The coming union of the Disney and Fox media empires is set to create a new nirvana for fanboys and -girls, one that reunites superheroes and sci-fi characters long separated by an energy barrier of corporate legalism.
Take, for instance, the fractured world of Marvel superheroes. For years, the X-Men (Wolverine, Storm, Professor X and the crew) and the Fantastic Four (Thing, Invisible Woman, et al) have battled bad dudes from the studios of 20th Century Fox.
Meanwhile Iron Man, Black Widow and other Avengers vanquished villains in another corner of the galaxy run by Disney.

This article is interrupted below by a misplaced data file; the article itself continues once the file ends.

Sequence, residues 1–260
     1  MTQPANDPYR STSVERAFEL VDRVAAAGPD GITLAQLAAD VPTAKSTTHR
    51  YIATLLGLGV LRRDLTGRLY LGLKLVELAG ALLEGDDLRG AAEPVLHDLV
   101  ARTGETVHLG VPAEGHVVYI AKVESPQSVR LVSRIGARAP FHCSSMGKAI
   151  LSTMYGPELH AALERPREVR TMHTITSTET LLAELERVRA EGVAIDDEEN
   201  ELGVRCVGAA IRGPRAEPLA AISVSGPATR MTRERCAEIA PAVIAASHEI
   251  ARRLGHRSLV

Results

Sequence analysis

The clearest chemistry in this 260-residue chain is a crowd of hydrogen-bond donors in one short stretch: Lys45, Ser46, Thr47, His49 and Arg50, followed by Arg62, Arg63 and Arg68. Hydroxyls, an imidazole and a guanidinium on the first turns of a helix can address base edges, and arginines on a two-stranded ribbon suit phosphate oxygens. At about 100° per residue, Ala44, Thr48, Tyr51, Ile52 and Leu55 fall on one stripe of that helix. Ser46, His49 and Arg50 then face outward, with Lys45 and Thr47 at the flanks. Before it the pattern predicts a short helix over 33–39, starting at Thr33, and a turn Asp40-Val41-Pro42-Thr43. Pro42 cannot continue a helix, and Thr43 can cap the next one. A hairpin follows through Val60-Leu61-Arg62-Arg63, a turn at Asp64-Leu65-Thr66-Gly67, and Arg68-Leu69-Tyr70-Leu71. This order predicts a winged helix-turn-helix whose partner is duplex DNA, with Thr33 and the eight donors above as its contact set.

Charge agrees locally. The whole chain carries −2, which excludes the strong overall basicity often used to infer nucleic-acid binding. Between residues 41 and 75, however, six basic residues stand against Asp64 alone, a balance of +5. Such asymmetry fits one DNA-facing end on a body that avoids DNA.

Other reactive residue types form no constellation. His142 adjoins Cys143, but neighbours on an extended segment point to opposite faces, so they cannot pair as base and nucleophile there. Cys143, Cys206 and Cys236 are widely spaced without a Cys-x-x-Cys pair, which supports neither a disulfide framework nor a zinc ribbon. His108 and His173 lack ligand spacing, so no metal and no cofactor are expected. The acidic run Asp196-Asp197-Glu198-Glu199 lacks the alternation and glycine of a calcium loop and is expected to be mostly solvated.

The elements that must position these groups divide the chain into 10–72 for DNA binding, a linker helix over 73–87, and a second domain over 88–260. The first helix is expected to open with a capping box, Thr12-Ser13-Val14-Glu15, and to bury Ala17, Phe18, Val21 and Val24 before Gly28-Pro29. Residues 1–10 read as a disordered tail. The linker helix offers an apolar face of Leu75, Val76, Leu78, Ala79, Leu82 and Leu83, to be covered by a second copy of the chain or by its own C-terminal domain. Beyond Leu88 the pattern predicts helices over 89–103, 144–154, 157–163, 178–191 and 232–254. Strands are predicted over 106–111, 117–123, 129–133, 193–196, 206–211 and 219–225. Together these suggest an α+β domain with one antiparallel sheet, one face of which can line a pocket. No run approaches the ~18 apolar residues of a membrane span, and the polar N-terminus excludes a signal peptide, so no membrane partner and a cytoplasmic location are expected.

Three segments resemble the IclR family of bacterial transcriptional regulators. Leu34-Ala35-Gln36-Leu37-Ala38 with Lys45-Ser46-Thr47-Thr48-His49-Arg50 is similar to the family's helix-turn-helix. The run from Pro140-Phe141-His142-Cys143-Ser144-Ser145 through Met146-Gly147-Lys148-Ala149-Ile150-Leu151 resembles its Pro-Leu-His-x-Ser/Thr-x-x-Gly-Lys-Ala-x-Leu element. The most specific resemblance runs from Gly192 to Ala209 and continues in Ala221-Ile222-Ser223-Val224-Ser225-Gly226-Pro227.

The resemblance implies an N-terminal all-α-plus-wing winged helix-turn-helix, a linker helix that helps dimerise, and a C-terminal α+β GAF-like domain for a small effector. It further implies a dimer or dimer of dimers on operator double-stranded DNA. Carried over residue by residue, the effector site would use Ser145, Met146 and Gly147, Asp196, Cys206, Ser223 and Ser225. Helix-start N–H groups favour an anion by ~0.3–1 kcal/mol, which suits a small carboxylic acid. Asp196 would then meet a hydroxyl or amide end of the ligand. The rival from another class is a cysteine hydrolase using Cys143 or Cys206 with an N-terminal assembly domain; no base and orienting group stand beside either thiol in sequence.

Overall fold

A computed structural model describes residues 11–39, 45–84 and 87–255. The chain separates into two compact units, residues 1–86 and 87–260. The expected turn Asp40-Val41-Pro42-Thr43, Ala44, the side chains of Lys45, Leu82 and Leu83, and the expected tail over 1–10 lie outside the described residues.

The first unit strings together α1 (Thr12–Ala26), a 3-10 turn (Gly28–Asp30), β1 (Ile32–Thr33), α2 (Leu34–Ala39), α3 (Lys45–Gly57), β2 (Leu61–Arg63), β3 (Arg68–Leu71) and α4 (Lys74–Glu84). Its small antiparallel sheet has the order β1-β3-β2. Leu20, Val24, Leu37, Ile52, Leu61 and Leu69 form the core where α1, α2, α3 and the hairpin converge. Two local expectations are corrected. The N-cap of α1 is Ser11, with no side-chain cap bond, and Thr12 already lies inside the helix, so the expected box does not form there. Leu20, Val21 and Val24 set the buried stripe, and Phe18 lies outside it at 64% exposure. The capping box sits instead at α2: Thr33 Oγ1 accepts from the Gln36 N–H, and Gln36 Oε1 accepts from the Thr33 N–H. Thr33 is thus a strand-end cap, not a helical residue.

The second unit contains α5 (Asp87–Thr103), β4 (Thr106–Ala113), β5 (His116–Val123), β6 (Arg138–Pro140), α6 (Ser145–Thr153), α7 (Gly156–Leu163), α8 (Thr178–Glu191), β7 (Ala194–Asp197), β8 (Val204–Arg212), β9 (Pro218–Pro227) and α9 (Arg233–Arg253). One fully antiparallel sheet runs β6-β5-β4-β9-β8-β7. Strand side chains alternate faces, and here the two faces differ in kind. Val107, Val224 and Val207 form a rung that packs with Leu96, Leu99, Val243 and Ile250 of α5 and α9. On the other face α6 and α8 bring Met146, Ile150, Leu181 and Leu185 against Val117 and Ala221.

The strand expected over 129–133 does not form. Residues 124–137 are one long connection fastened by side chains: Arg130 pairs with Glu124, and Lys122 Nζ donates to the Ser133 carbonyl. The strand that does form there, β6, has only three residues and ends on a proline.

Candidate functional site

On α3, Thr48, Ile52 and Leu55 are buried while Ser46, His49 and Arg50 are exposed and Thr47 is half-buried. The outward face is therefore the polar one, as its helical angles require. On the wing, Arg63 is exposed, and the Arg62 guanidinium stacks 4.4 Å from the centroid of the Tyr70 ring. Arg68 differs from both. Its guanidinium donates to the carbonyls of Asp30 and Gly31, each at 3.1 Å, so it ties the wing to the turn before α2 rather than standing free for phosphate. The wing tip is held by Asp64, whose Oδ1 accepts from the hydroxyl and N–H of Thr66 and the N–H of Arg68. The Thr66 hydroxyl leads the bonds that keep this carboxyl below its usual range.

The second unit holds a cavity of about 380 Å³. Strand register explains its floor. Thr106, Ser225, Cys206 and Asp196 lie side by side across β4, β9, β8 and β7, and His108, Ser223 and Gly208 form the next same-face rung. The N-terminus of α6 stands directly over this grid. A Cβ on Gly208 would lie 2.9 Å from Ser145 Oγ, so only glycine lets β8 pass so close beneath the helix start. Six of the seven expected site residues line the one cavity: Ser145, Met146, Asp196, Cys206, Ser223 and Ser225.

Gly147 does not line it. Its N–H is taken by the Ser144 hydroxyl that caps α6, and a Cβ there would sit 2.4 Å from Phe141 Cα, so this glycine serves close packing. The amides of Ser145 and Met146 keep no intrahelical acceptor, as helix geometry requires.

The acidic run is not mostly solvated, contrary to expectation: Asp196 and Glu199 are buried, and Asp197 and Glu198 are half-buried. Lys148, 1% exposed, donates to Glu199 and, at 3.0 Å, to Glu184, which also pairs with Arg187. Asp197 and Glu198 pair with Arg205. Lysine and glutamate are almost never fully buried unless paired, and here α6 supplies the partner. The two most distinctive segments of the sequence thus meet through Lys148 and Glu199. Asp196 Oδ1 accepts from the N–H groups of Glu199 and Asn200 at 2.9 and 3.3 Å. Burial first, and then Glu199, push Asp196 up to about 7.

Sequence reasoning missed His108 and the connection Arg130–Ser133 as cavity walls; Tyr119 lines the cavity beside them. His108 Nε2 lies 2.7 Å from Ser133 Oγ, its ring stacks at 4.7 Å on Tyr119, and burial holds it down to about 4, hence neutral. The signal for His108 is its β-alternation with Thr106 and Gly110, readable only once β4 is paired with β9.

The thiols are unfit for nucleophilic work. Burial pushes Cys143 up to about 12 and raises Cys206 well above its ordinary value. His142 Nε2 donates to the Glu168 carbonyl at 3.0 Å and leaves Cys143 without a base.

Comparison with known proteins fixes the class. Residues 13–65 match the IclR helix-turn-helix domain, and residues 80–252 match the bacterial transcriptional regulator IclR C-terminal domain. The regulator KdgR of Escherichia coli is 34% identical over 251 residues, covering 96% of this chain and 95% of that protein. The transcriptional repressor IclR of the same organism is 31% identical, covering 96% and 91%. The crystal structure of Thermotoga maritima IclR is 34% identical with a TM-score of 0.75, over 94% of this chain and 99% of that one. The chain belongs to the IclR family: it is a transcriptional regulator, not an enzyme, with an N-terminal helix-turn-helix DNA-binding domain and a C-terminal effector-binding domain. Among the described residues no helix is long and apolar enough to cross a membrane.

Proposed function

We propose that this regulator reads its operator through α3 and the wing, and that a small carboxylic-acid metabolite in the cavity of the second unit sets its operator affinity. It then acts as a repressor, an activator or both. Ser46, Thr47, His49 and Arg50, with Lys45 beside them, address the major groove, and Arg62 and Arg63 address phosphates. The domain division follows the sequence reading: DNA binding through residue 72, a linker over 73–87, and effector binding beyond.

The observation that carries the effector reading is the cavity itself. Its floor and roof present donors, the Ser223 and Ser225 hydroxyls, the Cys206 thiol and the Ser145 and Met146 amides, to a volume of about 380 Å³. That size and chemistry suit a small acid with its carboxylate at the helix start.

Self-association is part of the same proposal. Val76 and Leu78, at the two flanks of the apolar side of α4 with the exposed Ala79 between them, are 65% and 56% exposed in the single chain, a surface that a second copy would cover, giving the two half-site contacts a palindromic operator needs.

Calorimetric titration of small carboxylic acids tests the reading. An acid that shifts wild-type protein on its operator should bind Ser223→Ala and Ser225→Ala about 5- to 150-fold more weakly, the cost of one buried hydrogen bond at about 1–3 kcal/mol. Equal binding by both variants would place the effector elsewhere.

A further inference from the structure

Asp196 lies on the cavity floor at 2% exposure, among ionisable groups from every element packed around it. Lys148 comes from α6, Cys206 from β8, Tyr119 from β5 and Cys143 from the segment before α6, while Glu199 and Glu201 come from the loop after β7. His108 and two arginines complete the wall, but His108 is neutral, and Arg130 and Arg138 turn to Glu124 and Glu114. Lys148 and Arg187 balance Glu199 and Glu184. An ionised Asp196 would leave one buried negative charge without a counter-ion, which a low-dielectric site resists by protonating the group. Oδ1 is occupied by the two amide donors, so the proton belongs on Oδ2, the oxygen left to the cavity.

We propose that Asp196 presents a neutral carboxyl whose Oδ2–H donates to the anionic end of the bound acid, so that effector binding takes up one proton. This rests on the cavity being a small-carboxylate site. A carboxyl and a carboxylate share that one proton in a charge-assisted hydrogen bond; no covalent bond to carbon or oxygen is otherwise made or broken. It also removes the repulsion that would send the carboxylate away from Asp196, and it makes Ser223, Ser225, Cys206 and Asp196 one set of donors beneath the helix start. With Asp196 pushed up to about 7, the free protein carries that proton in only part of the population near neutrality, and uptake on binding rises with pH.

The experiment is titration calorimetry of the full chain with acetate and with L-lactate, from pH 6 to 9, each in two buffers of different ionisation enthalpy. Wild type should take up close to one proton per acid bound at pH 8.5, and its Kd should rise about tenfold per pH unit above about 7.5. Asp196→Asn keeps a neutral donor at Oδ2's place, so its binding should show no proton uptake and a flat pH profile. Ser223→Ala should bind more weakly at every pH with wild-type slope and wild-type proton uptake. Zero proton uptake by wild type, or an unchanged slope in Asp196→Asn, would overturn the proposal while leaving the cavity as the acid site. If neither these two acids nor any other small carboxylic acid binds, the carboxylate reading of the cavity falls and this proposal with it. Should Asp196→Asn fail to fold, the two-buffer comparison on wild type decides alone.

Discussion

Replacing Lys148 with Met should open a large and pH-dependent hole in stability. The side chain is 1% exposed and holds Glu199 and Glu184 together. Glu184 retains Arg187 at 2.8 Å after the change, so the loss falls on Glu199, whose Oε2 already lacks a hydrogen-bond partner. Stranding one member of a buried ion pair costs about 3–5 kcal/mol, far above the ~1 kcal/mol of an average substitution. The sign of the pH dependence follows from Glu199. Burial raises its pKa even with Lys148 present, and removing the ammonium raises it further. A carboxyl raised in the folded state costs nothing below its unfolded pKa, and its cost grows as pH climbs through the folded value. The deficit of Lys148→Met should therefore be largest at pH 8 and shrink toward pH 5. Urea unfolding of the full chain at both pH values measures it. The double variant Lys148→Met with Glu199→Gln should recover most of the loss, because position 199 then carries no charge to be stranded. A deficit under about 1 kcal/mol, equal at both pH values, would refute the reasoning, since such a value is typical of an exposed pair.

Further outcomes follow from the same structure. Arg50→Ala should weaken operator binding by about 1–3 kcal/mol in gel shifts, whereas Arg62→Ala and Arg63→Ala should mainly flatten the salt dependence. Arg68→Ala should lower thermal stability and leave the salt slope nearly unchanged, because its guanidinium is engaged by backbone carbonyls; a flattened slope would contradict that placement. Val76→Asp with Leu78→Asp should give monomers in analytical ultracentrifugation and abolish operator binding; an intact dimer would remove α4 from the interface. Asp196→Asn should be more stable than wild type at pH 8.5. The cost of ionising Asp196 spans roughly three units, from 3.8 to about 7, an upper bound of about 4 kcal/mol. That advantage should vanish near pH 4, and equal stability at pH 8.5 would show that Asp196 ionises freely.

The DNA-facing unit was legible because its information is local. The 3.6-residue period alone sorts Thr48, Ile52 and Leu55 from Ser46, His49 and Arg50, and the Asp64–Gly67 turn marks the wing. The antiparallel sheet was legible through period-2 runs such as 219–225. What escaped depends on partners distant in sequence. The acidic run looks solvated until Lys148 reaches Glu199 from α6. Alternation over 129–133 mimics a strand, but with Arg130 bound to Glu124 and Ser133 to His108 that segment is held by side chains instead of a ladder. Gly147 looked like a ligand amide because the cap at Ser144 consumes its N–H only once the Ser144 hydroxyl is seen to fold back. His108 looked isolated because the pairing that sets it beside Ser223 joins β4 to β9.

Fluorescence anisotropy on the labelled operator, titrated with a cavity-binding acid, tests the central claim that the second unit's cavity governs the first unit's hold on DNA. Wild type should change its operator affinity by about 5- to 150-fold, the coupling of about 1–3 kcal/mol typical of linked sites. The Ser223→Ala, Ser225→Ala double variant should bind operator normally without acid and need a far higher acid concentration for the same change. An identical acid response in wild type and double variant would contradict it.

Almost ne'er the twain did meet - though that could soon change.
In a related fashion, rights to the various "Star Wars" films have been scattered all over a galaxy far, far away; those will soon be unified under a powerful Galactic Emp-- er, well, Magic Kingdom.
Disney's announcement Friday that it's buying most of movie goliath Fox for $52.4 billion in stock brings these once disparate franchises together, possibly for as-yet unplanned intergalactic dust-ups.
Add the "Avatar" franchise to the blockbuster mix, and the company that launched Mickey Mouse will be an unavoidable presence at the box office and online if the deal goes through.
The combined company will account for more than a third of theatrical revenues in the U.S. and Canada, an $11 billion business last year, not to mention a huge chunk of the global theater-going pie, according to Daniel Ives, chief strategy officer at market research firm GBH Insights.
That would make the Disney juggernaut a more powerful theatrical force to be reckoned with than ever before.